D-A-R Charting

Between rising acuity and the growing risk of lawsuits, it has never been more important that assisted living providers adhere to sound documentation practices.  While there are many approaches to documentation, it is important that your records paint a complete picture of the event being recorded.  For example, if a resident falls, it is not enough to just document that the resident fell.  You should also documentation the actions taken and the ultimate outcome.  Simply documenting, “Resident fell” without information about the first aid provided, calling 911, the resident being transported to the hospital, notifying the physician and family, etc, makes it look like nothing was done about the fall.

There are many methods and formats for creating a narrative entry but we recommend the “DAR” format.  If every entry follows this format you will be on the right track to complete and accurate narrative charting.

  1. DataThe “D” in “DAR” refers to data.  In this section of your narrative entry you will provide data about the situation.  Such as the date and time, what happened, vital signs, pain status, etc.EXAMPLE:
    8/11/08  7:45 am  Entered Jane’s room and found her on the floor next to her bed.  Jane stated “I don’t remember what happened, but I think I feel down, please help me up.” Resident reported significant pain on the right side of her chest when attempting to move.  Small amount of blood identified on right side of head just above her right ear.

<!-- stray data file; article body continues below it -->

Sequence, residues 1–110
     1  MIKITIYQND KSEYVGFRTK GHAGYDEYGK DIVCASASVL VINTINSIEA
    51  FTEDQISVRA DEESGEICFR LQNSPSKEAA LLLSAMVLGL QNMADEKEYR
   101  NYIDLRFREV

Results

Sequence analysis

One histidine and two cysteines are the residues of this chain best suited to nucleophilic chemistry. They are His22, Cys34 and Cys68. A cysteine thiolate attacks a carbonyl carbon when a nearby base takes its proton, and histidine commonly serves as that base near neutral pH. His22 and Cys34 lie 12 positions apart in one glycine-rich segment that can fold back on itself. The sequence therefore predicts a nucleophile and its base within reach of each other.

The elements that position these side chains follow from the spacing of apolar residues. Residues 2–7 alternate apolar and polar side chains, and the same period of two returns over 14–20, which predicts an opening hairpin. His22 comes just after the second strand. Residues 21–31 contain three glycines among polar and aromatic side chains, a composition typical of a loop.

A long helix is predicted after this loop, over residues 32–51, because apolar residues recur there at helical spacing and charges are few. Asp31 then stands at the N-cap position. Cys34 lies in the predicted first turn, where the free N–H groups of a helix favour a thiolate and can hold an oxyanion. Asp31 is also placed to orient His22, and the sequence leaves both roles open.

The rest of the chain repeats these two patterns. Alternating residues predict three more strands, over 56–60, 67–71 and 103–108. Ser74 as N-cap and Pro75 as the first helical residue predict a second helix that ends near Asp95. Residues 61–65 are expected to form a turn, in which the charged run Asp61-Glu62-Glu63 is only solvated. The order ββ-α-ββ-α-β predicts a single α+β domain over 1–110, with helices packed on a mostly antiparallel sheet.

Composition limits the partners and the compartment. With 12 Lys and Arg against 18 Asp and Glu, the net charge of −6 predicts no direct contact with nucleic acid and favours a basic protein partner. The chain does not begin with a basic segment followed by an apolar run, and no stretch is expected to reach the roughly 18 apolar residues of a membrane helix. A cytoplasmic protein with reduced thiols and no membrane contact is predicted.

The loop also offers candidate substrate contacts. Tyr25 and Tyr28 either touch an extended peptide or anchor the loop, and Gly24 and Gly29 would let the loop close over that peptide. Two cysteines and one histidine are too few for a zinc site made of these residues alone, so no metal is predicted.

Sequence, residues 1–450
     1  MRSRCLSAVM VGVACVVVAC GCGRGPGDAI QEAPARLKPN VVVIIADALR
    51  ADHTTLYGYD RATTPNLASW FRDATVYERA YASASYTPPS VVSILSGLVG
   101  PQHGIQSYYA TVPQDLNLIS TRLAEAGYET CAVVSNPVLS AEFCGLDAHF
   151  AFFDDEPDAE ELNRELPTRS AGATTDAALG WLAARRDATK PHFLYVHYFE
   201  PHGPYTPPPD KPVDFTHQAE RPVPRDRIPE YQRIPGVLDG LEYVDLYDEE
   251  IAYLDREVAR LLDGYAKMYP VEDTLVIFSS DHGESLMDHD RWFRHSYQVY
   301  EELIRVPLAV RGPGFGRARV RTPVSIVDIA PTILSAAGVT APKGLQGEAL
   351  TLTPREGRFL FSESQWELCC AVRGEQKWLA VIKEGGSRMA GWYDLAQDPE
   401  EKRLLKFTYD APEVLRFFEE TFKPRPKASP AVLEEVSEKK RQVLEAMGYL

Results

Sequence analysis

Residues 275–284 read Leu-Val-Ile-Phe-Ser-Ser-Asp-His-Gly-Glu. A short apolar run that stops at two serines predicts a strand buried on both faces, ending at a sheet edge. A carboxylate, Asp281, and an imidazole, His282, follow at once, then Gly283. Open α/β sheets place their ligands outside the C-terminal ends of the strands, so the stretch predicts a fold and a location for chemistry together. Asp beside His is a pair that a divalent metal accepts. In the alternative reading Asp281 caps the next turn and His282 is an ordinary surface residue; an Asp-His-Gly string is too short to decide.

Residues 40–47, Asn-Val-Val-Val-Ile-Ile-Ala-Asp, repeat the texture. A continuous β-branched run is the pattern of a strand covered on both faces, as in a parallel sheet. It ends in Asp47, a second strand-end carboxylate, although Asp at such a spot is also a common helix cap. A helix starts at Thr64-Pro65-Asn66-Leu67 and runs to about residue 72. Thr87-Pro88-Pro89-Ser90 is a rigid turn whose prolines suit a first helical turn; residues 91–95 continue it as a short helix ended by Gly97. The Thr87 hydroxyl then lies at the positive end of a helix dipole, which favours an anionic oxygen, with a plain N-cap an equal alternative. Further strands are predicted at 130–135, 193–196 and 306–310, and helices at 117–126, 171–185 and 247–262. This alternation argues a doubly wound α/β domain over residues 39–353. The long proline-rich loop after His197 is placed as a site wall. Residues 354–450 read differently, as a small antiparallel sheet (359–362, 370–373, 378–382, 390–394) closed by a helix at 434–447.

2. ActionThe “A” in the “DAR” charting format refers to action.  What did you do?  What action did you take in response to the data already described?A narrative entry is never complete without an explanation of the action you take.  Imagine if the narrative entry example stopped after the data entered above; the entry would not paint a complete picture of the situation and how you handled it.  Remember…if it wasn’t documented, it wasn’t done.

    Instructed resident to remain on the floor and radioed for assistance from another caregiver.  Caregiver John Doe entered the room and I asked him to call 9-1-1.  I remained with resident, told her the paramedics would arrive soon.

  3. ResponseThe final step in a “DAR” narrative entry is the “R”, which stands for response.  How did the resident respond to the actions you took?You may need to enter two responses, one immediately and then another as a follow up.

    8/11/08   8:15 am  Paramedics arrived and transported resident to St. Mary’s Hospital.

    8/11/08   1:30 pm  Spoke to doctor James Doe from St. Mary’s Hospital.  She informed me that Jane has two broken ribs and will be staying in the hospital overnight.

Whether you follow “DAR” or another documentation format, it is important the goals of a complete and accurate record is achieved.  Click here to learn more about our Documentation staff training DVD and how it can help you educate your staff on this important issue.

Care & Compliance Training

5 Responses to “D-A-R Charting”

  1. This is spot on best practice for every facility – regardless of size. Increasingly it is impossible to determine if a community gives good and responsive care unless…you can prove it! Good documentation using this approach insures you can prove it. Thanks CCG Team!

  2. Thank you, Wade!

  3. D A R is a great tool in documenting any incident.
    Thank you for this Tuesday tip.

  4. I am glad it is helpful. Thank you, Cecilia!

  5. Valuable article . I learned a lot from the insight – Does anyone know where my company would be able to access a fillable a form form to fill in ?

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